•  “I will teach you what single stocks to invest in, to beat the market!” 

Legit, guys, some of this is just fancy gambeling. 

If you see any of the above proclamations, run. Run far away. These are blanket statements meant to pull you into giving these ‘investing gurus’ money to learn what they know and do. 

Most of these statements depend on what someone chooses to buy for their investments.

Some people love their single stocks. In 2020, people everywhere were talking about all the single stocks they just “had to buy” as the market fell. The influx of messages I got asking what I was buying were off the charts. My answer? I wasn’t. I do not like gambeling, nor do I think I know the market any better than the next person on the street. Did you know that 65% of people believe that they are of above average intelligence? And these are the people who think they have an edge, and that they can figure out how to make money better and faster then the gal next to them. Even if I am reading all the time, there is no way to always pick winners. The truth of the matter is, most people who are in it for the long haul set it and forget it. They don’t gamble the money that they need for their future selves in retirement -- on a single company (or three) doing well. Instead, there are Index funds.


Index funds (a special kind of mutual fund) are a collection of stocks from many companies. Instead of depending on the success of one company, you get the built in diversity of MANY companies all in one nice little bucket. 


When you are investing, there is always a chance you will lose money. However, taking money and burying it out in the backyard doesn’t help either, since inflation over time will eat away of the value of that money from whatever time period it was buried in.  And most savings accounts are barely different from the returns you get on your buried backyard money.  So, as you learn more about investing-- you will begin to hear index funds are safer for four key reasons.

1. Low cost (which we will dive into in a bit...). 

2. Built in diversification. (which we already covered a bit above.)  The built in diversification of index funds comes from them being made up of hundreds (usually) of companies. 

3. Passive management.  Index funds are passively managed-- not by humans who actively decide when to buy, trade, and sell-- but through automation and algorithms. 

4. Self-cleansing.  New companies are added, and struggling companies are removed according to the algorithm. I think this one is my FAV. Because, think about it-- if you are a fancy gambling choosing single stocks, and these single companies go out of business, you can lose money. However, if one of the many businesses in an index fund fails, it is simply removed.      

Okay, back to point number 1 & the shiny marketing gurus.

So, all that being said, can these thrill-seeking investors ever REALLY begin to compare their investments to the top publicly traded companies? What happens if the company they have all the single stocks with, goes under? What are the odds? (it happened in 2008, many dot com companies are no longer with us) Does it have the same level of risk as the S&P 500? Are the returns really that much better, or was the market just amazing at that time, so say an 18% rate of return is not anything fancy? In fact, the S&P 500 had a 30.43% rate of return in 2019. Yet I was STILL seeing investors promising things like an 18% rate of return. And people were commenting and applauding them, asking how they did it. Sigh. Ah, yeah you SHOULD have great returns right now bro. Cool story.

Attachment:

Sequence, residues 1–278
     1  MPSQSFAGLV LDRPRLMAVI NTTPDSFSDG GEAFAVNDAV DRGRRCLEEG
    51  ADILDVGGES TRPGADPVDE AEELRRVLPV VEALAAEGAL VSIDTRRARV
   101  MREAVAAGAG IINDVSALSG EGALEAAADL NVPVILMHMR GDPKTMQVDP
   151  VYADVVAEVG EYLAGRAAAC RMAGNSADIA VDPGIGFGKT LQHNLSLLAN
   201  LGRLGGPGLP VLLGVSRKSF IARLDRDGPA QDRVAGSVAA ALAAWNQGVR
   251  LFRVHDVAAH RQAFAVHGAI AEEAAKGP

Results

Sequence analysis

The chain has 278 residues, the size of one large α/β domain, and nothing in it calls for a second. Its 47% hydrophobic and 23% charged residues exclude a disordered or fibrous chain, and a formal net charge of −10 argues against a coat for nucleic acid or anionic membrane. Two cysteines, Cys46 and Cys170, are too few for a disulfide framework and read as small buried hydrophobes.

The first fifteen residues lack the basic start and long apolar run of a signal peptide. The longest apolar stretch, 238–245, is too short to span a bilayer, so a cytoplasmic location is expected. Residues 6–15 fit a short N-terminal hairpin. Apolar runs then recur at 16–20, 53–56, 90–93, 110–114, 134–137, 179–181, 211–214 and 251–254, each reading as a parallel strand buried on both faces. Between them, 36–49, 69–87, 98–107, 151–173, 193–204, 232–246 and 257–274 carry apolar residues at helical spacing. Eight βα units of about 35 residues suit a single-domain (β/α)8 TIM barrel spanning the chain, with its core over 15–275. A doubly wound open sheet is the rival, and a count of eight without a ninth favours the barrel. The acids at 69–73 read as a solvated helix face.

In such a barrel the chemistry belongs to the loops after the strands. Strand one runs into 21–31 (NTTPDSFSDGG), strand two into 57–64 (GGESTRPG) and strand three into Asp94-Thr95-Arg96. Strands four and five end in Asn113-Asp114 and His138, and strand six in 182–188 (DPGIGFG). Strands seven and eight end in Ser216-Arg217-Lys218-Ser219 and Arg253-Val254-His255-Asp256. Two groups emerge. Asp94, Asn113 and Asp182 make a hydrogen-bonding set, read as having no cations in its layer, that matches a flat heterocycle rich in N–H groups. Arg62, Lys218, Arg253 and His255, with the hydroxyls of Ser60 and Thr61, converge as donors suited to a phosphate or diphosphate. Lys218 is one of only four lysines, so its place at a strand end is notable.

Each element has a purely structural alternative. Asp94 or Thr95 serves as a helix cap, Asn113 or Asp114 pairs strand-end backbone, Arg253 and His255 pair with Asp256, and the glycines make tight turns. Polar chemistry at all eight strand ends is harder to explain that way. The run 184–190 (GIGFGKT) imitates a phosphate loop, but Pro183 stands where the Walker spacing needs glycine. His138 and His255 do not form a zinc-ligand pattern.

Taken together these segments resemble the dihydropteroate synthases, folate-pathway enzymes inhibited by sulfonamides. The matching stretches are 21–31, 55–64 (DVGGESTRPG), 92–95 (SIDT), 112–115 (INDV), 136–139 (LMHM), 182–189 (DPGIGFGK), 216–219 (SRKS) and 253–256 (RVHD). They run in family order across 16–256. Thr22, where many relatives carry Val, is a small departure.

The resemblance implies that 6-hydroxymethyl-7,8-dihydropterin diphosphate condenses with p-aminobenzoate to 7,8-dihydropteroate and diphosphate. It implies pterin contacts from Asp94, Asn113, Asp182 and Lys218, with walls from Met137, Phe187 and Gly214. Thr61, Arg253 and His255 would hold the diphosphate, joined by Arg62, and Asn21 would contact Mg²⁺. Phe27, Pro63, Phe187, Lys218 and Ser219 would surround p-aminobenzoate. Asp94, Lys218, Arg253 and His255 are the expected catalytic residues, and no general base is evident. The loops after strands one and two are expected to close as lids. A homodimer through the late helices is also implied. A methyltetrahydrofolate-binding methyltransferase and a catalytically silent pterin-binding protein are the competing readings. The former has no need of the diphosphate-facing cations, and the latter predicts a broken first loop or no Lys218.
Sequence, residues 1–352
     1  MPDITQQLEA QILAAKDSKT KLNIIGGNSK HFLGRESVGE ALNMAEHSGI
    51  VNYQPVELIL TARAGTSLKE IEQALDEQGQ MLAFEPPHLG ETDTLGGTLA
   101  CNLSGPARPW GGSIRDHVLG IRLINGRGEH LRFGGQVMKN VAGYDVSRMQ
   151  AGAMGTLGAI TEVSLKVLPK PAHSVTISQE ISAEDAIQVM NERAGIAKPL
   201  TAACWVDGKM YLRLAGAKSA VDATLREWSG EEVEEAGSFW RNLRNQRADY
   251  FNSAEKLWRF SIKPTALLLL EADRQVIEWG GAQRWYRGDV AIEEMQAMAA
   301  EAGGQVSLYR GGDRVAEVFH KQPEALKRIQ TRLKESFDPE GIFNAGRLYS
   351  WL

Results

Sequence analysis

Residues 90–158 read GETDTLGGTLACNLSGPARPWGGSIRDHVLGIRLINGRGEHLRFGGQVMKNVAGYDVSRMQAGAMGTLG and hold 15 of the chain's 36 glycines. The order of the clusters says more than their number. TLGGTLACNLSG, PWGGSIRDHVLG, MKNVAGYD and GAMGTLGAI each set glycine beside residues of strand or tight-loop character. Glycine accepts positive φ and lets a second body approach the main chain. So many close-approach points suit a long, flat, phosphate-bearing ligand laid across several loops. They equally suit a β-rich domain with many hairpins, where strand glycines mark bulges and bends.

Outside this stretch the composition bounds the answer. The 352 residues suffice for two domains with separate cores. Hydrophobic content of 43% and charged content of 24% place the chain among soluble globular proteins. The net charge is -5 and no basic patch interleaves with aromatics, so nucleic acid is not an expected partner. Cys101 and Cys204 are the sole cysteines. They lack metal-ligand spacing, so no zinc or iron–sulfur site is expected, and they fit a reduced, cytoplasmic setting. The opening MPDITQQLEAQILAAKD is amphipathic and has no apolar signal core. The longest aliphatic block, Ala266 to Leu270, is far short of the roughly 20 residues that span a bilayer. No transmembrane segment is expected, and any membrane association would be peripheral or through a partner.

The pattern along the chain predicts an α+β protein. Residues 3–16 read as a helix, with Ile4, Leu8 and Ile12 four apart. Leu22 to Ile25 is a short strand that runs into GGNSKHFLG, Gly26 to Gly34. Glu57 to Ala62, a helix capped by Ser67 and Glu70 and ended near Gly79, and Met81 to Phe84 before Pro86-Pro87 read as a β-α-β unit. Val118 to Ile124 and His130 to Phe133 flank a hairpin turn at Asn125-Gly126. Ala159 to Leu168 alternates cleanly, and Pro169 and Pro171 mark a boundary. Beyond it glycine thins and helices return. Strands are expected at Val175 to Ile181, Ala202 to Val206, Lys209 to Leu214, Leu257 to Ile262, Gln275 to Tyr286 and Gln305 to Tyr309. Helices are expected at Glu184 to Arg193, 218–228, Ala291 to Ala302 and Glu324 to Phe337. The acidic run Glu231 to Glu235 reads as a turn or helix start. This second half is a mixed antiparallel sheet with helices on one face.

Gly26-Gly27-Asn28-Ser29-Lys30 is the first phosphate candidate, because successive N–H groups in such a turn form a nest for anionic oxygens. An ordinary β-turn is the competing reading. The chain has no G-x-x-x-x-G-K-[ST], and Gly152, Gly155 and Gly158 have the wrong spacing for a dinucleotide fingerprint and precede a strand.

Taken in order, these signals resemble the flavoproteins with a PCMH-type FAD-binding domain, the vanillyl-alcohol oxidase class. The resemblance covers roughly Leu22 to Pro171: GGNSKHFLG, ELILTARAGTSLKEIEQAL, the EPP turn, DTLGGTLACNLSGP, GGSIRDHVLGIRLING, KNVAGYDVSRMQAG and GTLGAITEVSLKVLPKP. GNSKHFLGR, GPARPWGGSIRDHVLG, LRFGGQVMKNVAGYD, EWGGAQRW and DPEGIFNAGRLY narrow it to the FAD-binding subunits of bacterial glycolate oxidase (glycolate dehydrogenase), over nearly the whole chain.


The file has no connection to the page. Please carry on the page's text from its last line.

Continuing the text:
Funny, when shit hit the fan in 2020, it was radio silence from many of these accounts. Meanwhile, over on my page as well as the pages of many investors who also do buy and hold, long term Index fund investing, we are all still sharing our numbers and returns. Yeah, there is nothing to be hype about. And, they may leave you feeling blue. However, it is real and all about weathering storms in the bad years, so you can enjoy the returns of the happier, bull market years. And sharing HONESTLY the bad with the good. 

People who claim to beat the market by “a lot” make those little hairs on the back of my neck stand up. I mean, even Warren Buffett states that HE cannot beat the S&P 500 over time… but an instagram marketer can? Sure... 

 2. Has this person been financially put to the test? 

I only read investing advice and philosophies from people who have been through one of the BIG, UGLY events. They know what it feels like to look at a down portfolio… to watch their balances drop 30-50%.... and they also know what it feels like to stay in and ride that roller coaster up the next hill. 

Role models like John Bogle and Warren Buffett have been put to the test, and no they are not advocates for timing the market either. People who like a “get rich slow” path. Those are the ones you should seek out. The ones talking about what they did, and would do differently, based on the last time they were there.  Learn from the experienced. 

3. What is this person personally investing in? Is this what an investor that’s been financially tested does? 

See where the money is. What kinds of investments do they keep their money in? If you have to PAY to know, then search elsewhere. All you need to know can be found for free online. When checking out many Instagram ‘investing gurus” -- here is what I keep finding: